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American Express loses antitrust case

NEW YORK – A judge has ruled that American Express violated U.S. antitrust laws by barring merchants from asking customers to prefer one credit card over another.

U.S. District Judge Nicholas Garaufis said in his ruling that American Express’ nondisclosure policies harmed competition and prevented merchants from trying to lower their credit card processing costs. He also ruled that AmEx’s policies deliberately kept consumers unaware how much using their cards cost merchants each time they use it.

The case was a major blow to AmEx, who argued that its policies kept it competitive against the larger payment networks Visa and MasterCard.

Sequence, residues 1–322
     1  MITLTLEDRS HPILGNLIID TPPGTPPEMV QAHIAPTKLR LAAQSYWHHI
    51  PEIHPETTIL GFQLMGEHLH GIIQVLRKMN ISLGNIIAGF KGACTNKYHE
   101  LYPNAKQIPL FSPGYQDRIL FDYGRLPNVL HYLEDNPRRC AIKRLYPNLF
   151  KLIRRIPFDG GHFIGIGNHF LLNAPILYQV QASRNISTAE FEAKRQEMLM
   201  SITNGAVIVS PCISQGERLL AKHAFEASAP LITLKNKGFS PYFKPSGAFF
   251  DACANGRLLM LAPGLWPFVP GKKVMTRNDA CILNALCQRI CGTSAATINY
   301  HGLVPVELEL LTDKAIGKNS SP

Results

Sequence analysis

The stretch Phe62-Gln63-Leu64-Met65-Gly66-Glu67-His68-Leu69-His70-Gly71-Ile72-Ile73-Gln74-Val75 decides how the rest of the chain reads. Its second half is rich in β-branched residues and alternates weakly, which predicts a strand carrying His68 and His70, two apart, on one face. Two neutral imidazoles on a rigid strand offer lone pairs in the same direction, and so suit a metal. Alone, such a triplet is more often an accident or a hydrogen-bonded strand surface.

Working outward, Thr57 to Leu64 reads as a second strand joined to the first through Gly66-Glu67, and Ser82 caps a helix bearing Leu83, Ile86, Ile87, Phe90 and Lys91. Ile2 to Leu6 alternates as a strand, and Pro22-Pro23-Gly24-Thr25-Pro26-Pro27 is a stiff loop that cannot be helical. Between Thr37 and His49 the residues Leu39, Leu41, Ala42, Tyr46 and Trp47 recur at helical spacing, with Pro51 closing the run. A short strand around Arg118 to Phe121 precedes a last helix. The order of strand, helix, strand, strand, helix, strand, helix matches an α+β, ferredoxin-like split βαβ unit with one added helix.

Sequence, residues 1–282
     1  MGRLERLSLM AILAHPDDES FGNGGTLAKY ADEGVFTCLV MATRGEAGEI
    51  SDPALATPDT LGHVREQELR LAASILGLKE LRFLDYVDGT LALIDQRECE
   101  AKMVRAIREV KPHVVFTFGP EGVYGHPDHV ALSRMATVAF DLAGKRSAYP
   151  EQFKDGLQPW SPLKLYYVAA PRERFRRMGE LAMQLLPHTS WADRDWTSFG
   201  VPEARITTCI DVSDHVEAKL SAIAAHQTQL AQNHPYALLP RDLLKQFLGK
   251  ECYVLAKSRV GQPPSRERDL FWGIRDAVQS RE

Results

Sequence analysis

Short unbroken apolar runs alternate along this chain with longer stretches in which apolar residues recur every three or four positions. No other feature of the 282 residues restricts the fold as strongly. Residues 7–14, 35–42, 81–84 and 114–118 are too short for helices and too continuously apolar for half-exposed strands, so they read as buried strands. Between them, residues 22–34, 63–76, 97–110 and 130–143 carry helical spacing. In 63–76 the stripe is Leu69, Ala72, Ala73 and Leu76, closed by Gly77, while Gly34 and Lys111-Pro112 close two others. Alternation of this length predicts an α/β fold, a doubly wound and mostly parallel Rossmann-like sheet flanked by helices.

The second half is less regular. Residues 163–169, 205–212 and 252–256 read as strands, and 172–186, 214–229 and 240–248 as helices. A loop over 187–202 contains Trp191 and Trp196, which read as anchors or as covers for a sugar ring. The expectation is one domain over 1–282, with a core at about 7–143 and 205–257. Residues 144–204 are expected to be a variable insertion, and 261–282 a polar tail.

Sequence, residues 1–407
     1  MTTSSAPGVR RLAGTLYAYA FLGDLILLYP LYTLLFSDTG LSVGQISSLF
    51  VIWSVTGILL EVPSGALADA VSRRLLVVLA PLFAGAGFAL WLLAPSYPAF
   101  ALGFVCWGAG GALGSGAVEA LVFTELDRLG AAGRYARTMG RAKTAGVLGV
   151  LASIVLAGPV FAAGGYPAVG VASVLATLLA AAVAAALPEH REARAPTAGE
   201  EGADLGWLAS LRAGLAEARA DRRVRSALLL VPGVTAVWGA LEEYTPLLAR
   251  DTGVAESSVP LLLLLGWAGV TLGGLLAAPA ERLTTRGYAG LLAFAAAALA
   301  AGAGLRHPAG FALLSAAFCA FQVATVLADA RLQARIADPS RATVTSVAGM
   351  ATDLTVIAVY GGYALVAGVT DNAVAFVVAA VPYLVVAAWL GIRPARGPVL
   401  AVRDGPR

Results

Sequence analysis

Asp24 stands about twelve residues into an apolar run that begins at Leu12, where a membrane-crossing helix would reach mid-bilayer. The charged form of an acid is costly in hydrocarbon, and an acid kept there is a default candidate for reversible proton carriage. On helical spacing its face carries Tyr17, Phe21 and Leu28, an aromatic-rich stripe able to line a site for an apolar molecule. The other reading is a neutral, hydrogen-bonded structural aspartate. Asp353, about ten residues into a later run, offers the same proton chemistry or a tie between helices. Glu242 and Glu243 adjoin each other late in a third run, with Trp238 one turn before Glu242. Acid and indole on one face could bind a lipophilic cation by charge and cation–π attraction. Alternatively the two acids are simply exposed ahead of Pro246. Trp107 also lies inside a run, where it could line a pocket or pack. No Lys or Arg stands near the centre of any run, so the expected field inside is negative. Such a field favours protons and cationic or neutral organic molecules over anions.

American Express, in a statement, said it was disappointed with the decision and will appeal.

At the center of the case are the fees merchants pay to process credit and debit cards, which have been largely hidden from the average consumer. Every time a credit or debit card is used at a merchant, the banks and payment networks would take a small percentage of the transaction as a fee.

The fee varies on what type of card is used, but typically debit cards were cheaper for merchants to process than credit cards. The credit cards that gave consumers things such as reward points, cash back or airline miles, which are the cards American Express offers, were among the most expensive for merchants to process.

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